SEOUL, Jul. 24 (Korea Bizwire) — Conflicts surrounding Yemeni refugee applicants in Jeju have become frequent at the refugees’ temporary workplaces, stemming from cultural differences between the Yemenis and their Korean employers.
On July 10, a Yemeni refugee in his 20s who was hired as a crewman on a ship filed a police report claiming that he had been assaulted by the captain.
The Yemeni told police that the captain hit him on the back of his head because he was unable to sort the fishnet properly before going fishing.
The refugee went on to say that although he did not want his employer to be punished, he did not want to work on board the ship anymore.
With the help of the Migrants Center, two Yemeni refugees were transferred to a shelter where they are currently being held under protection.
On July 9, two Yemeni refugees came to the Jeju Immigration Office after vowing to quit their jobs at a farm only two days after they started working due to conflicts with their employer.
The farm owner who hired them said that when the Yemenis were given mowers to work on, they ended up completely damaging the machines.
“It’s hard to work with Yemenis because of the language barrier and cultural differences,” said the farm owner.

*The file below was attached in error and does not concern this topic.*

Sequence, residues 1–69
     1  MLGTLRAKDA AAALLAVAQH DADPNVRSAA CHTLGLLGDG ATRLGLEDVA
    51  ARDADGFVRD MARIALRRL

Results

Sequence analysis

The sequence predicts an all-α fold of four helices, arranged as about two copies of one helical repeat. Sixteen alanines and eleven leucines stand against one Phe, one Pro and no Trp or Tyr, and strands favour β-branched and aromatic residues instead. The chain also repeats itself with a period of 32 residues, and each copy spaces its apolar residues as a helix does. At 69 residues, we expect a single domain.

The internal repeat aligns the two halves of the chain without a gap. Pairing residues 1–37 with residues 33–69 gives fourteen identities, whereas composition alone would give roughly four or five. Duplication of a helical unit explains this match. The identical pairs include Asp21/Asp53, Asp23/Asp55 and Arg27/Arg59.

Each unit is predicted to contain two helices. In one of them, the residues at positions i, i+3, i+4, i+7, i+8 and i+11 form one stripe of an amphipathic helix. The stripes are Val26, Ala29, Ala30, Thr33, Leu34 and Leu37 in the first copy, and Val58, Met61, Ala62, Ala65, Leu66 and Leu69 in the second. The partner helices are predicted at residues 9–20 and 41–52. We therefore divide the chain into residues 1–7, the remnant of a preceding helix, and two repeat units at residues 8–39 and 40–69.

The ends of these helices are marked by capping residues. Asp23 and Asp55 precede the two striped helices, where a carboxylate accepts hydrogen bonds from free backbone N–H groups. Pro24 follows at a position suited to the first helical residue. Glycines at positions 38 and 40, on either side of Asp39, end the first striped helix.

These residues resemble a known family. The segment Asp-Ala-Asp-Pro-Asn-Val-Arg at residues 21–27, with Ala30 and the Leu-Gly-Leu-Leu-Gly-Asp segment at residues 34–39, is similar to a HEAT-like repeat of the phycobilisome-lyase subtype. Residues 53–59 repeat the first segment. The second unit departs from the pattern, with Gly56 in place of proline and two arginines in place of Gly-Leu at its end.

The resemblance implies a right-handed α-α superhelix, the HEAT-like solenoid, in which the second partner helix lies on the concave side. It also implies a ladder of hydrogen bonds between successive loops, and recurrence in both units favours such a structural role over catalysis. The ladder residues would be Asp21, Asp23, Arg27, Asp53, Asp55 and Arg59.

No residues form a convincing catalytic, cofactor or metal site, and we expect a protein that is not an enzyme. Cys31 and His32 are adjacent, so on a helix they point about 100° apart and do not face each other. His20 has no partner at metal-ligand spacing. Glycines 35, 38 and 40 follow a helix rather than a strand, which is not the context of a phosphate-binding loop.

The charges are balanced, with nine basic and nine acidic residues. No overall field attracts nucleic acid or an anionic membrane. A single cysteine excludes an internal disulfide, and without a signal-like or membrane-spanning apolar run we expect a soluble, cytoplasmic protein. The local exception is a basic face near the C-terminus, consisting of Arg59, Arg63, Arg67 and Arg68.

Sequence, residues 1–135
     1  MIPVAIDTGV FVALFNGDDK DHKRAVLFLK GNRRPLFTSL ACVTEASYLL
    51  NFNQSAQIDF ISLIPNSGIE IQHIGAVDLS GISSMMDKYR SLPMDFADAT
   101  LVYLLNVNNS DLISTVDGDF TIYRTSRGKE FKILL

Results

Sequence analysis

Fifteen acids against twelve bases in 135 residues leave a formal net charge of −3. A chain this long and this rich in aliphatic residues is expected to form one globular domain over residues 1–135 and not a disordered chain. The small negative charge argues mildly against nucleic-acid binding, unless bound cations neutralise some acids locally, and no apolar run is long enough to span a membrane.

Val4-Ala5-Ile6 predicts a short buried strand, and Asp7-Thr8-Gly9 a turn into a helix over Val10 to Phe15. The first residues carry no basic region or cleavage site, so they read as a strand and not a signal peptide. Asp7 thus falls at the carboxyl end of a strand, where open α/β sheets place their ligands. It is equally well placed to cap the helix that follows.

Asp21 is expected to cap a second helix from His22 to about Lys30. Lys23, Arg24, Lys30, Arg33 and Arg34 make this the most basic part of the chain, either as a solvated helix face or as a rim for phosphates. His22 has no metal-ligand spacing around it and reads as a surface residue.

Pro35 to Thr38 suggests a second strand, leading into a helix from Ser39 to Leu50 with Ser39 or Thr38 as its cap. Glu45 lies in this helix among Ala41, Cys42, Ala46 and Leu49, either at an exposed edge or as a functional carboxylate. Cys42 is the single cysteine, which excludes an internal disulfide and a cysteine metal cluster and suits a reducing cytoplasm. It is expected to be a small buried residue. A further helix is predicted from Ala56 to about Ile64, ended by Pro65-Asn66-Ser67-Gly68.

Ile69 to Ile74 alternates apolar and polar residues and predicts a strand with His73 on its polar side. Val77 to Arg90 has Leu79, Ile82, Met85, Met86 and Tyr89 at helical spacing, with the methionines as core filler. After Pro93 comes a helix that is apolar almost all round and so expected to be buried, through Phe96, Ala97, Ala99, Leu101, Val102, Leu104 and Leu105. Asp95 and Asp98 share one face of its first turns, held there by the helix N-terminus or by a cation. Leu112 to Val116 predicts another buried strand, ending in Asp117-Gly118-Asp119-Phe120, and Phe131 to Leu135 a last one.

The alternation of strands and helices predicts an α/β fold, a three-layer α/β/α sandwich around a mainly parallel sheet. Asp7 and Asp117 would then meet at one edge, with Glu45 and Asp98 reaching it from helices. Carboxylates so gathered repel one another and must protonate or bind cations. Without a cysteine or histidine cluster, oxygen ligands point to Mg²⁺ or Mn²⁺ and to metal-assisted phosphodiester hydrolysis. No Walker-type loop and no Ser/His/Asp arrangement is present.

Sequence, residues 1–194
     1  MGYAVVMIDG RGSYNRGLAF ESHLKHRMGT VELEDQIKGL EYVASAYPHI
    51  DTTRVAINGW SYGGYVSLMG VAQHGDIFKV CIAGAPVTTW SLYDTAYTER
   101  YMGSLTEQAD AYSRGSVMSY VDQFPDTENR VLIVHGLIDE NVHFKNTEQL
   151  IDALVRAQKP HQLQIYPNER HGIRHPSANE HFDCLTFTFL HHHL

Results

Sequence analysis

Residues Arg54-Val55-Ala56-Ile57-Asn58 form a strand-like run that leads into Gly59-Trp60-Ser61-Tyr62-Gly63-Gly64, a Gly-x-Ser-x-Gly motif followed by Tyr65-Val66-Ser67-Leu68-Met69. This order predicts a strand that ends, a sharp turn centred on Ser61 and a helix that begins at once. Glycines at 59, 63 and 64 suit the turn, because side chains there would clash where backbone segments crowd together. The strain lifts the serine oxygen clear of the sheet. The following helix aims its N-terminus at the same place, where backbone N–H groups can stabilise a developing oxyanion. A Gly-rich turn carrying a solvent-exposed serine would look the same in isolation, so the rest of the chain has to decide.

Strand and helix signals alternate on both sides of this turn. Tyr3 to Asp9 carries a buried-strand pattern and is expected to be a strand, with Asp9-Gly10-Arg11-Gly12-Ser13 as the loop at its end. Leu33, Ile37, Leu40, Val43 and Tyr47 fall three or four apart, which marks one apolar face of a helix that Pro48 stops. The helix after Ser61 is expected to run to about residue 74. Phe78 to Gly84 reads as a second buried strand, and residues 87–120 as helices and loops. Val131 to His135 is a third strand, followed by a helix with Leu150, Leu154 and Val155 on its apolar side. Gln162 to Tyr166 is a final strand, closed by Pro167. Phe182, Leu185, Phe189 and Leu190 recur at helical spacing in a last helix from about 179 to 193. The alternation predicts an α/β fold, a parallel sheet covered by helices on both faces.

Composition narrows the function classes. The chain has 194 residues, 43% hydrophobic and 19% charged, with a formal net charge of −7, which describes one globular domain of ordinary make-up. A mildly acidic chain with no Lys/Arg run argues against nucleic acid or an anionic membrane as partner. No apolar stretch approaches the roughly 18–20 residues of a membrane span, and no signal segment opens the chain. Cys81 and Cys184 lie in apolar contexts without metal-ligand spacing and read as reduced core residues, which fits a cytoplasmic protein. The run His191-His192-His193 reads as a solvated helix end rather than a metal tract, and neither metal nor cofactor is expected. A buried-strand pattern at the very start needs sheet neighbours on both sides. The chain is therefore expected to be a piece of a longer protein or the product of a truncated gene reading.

Meanwhile on July 1, two Yemeni refugees who had been working as ship crewmen got into an altercation with each other involving a weapon over the issue of washing dishes. Both men are on the verge of being deported for their actions.
The Yemeni refugees that have come to Korea are unable to communicate properly with their employers due to their complete lack of proficiency in the Korean language.
In addition, the Yemenis are typically unfamiliar with the work being offered to them, generally from the primary industry sector.
According to current laws, refugees are not allowed to work in South Korea for six months following their refugee application, but the Ministry of Justice made an exception to allow the Yemenis to work on farms and at restaurants, taking into consideration their livelihood.
However, it has been reported that only 228 Yemenis out of 466 currently hold jobs.
After the refugees were first allowed to take on jobs on the island, 40.3 percent either quit working on their own accord or were fired.
At a press conference held on June 25, Jeju Immigration Office director Kim Do-gyun said that the Yemenis were being granted jobs on a limited basis.
“Even if the refugees quit their jobs, they are receiving help to get another job if they want,” said the director.
H. S. Seo (firstname.lastname@example.org)